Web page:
(Stick with me here, I promise that this has relevance for even those non-history buffs.)

As part of this attempt to deceive the Axis powers, the operation involved dressing up a human cadaver and creating a fictitious story around a man who didn’t really exist.  This whole thing was an attempt to manipulate the opposition.  Unfortunately for me (and my son), I believe this analogy may have gone completely over the judge’s head. In the past few weeks, however, I have thought more and more about this analogy and I think it may resonate with many who have been in similar situations with psychopaths.

The Plot:

Though Luc is most certainly “the evil” in this scenario, his deception against me was like his very own version of “Operation Mincemeat”.  His objective was money.  He had run through his previous victims and needed a new income source.  He would find his target, listen to her hopes and dreams, and create the story for his “cadaver” based on her version of Prince Charming.

My Conclusions:

Family Court can be incredibly intrusive.  Many people (who aren’t dealing with psychopath ex’s) likely decide to settle out of court so that they can save themselves the expense and the relentless exposure of their personal lives.  That being said, this “exposure” only really applies if you are playing by the rules.  For example, I provided the court copies of my taxes, bank statements, pay stubs, property information, and a complete history of my education and family background.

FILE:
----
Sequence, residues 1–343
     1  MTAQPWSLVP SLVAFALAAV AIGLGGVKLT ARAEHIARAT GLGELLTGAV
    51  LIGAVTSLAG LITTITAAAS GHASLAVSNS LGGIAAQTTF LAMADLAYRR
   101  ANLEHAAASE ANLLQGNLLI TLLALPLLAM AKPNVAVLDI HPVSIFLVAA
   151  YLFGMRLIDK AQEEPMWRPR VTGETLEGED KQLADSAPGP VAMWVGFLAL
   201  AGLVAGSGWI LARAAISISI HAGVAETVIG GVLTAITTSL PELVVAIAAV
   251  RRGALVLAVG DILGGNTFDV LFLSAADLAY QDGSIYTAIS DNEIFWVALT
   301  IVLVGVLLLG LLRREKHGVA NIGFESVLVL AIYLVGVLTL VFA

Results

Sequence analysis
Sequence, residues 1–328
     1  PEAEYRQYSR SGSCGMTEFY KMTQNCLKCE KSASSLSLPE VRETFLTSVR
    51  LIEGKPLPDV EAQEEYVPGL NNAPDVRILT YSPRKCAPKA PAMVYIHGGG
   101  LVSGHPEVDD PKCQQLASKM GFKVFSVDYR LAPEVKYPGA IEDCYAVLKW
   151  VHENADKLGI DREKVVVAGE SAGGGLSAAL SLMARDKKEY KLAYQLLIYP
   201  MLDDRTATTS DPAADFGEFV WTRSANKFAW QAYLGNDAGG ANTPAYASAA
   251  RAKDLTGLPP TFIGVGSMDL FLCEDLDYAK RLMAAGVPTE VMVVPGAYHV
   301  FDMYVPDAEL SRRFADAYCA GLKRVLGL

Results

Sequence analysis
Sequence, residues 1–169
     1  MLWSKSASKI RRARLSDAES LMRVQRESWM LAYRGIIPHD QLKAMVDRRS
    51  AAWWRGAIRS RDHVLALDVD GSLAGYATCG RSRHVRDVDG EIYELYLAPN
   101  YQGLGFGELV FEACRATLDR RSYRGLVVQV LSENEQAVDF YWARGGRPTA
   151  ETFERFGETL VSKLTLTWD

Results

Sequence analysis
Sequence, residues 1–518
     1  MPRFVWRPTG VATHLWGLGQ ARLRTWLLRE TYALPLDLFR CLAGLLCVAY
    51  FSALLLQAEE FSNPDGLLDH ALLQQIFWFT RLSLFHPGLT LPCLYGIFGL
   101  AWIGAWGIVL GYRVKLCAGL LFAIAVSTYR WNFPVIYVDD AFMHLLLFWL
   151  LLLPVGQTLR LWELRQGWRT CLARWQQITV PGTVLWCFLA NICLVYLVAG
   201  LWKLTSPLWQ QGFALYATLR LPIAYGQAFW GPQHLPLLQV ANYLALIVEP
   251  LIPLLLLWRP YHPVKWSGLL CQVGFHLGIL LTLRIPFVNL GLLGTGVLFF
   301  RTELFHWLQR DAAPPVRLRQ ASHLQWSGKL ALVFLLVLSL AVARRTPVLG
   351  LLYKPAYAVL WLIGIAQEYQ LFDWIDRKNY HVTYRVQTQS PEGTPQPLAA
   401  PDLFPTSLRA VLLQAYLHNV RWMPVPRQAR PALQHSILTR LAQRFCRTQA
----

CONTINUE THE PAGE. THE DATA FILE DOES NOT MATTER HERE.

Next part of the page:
Luc, on the other hand, remained “The Man who Never Was” throughout the entire trial.  His lies seemed to evolve and morph as time went on to further prove that not only was he “The Man who Never Was” to the court, I wasn’t even sure if HE knew who he was by the end.  He presented clearly fake tax statement and pay stubs for a job he has never held.  The court, however, accepted these documents as truth and never questioned how a man got to be middle aged without ever having a legitimate job.

The reality of Family Court is ugly.  It takes a special person to be able to see through the smoke and clouds that psychopaths create in the courtroom.  From what I have seen, most judges do not appear equipped (nor do they care enough) to filter through the lies and deceit in order to protect these innocent children.  Why then do we waste the time and money to go through the court system if these psychopaths are not going to be held to the law and forced to present proven and factual information?

A Media Example:

Just as I was pondering the above analogy, one of my friends posted the following link to her Facebook site.

Two American Kids Shipped to France in One of the Worst Custody Decisions. Ever.

While the term “psychopath” was never used in this article, the point that stuck out for me was how Actress Kelly Rutherford explained that she STILL did not know who her ex husband was.  After his U.S. visa was revoked, a judge ordered Kelly Rutherford’s children (American citizens who had been born and raised in the US) to live in France with her ex because he was unable to travel to the US to see them.

Family Courts in America are in crisis.

 

 


 

 

 

Starbucks Father: The Way Court Ordered Visitation Should Look?

The other day, my mother told me a story about a wonderful scene she saw while buying a drink at a local Starbucks.  She said there was this man with his eight year old son playing chess.  They each had their specialty drinks and the man was patiently teaching his young son about the game of chess (and life lessons along the way).  My mom told me that the barista had confirmed for her that this man came in each weekend with the child.  He  had told the barista that he only saw his son on the weekends; therefore, he was determined to pack the most quality time he could into the time he saw him.  (This was a visitation scenario)  My mother also mentioned that before she spoke to the barista she judged the man because he had scraggly looking dread locks and appeared very “non conventional”. (Note:  That feeling had also been one of her initial reactions to Luc as he also has strange hair)